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Tories dismiss South Belfast unionist pact

TheTory Party is dismissing the chances of a South Belfast unionist unity pact as “zero” despite a controversial joint candidate move in Fermanagh and South Tyrone.

DUP leader Peter Robinson has pressed for agreement in South Belfast on the back of a deal in the west of the province.

And his party is expected to crank up the pressure on the issue in the days ahead.

But while the UUP's Tory allies have shifted position on Fermanagh, sources are firmly ruling out any further moves.

Asked yesterday for the odds on a unionist unity pact in South Belfast, a well-placed Tory source told the Belfast Telegraph: “I'll give it to you in percentage terms — zero. It's inconceivable.”

The Conservatives had vowed to contest all 18 Northern Ireland constituencies under their electoral pact with the UUP.

Instead, both parties and the DUP will now be supporting unionist unity candidate Rodney Connor in Fermanagh and South Tyrone.

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Mr Connor, former chief executive of Fermanagh Council, has said he is prepared to accept the Conservative Party whip if elected.

However, he will stand as an independent and would sit in the Commons with that status.

Mr Connor also said that “on matters affecting Northern Ireland I shall vote on the basis of what I believe is in the best interests of the people of Fermanagh and South Tyrone”.

The Tory/UUP project came under fire from nationalist parties and Alliance in the wake of the candidate deal.

Defending the move, the Conservative's Shadow Secretary of State Owen Paterson said: “We recognise that Fermanagh and South Tyrone has characteristics that are unique within the UK.

“It has been without any democratic representation for the past nine years.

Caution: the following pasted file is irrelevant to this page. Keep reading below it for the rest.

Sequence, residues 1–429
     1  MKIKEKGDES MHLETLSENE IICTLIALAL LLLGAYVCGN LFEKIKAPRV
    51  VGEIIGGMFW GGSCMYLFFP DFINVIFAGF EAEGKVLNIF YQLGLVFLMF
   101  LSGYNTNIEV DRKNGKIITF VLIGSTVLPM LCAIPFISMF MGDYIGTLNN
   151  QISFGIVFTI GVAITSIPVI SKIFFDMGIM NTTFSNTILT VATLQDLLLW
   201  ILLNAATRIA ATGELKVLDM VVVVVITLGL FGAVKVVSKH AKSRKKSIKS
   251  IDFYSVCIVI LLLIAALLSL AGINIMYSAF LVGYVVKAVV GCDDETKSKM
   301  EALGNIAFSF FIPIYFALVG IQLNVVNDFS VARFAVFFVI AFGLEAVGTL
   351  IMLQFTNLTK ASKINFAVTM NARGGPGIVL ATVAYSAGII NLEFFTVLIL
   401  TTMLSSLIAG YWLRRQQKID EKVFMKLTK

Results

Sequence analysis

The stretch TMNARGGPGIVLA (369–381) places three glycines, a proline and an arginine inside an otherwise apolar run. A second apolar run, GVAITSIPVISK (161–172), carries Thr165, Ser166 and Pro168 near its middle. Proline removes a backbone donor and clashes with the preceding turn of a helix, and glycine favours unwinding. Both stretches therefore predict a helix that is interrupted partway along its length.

“It is the one constituency where there is currently an abstentionist MP, where a single cross-community candidate could lead to the restoration of democratic representation at Westminster.”

Mr Robinson welcomed the agreement on Mr Connor's candidacy, saying: “This should represent the beginning of greater co-operation within unionism and be a platform on which we can build for the future.

“Whilst South Belfast does not have an abstentionist Member of Parliament, there is also the opportunity there whereby a unionist MP could be returned if there was agreement within unionism on an independent candidate.

“The enthusiastic support coming from people in Fermanagh and South Tyrone at the news of Mr Connor's candidacy demonstrates just how important it is that we continue to seek the same kind of agreement in South Belfast.”

The two rival unionist candidates for South Belfast — DUP Assembly member Jimmy Spratt and Tory-UUP hopeful Paula Bradshaw — are already firmly on the campaign trail.

The SDLP’s Dr Alasdair McDonnell is bidding to retain the seat which he won in 2005 thanks to a split unionist vote.

He hit out at the DUP's push for a voting pact, saying: “They would rather have a Dr Who than a Dr McDonnell returned on May 6 next to represent the electorate in South Belfast.

“The sad reality is that the DUP strategists are still hell bent on trying to stop progress at the expense of keeping alive their time warp nightmare.”

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